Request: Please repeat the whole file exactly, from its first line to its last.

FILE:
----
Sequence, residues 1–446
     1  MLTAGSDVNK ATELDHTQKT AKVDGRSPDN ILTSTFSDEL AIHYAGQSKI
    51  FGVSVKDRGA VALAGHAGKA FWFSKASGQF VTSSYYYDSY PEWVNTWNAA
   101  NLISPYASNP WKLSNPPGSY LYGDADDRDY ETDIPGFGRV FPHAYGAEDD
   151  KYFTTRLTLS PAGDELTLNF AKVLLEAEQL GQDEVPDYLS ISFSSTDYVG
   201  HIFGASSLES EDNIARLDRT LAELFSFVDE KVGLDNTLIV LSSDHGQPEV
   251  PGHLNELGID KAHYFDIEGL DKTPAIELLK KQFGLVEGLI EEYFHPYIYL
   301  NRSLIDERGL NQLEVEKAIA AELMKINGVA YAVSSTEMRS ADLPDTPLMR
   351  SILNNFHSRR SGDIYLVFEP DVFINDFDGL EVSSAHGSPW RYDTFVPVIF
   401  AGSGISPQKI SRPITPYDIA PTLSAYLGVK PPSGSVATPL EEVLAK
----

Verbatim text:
Sequence, residues 1–446
     1  MLTAGSDVNK ATELDHTQKT AKVDGRSPDN ILTSTFSDEL AIHYAGQSKI
    51  FGVSVKDRGA VALAGHAGKA FWFSKASGQF VTSSYYYDSY PEWVNTWNAA
   101  NLISPYASNP WKLSNPPGSY LYGDADDRDY ETDIPGFGRV FPHAYGAEDD
   151  KYFTTRLTLS PAGDELTLNF AKVLLEAEQL GQDEVPDYLS ISFSSTDYVG
   201  HIFGASSLES EDNIARLDRT LAELFSFVDE KVGLDNTLIV LSSDHGQPEV
   251  PGHLNELGID KAHYFDIEGL DKTPAIELLK KQFGLVEGLI EEYFHPYIYL
   301  NRSLIDERGL NQLEVEKAIA AELMKINGVA YAVSSTEMRS ADLPDTPLMR
   351  SILNNFHSRR SGDIYLVFEP DVFINDFDGL EVSSAHGSPW RYDTFVPVIF
   401  AGSGISPQKI SRPITPYDIA PTLSAYLGVK PPSGSVATPL EEVLAK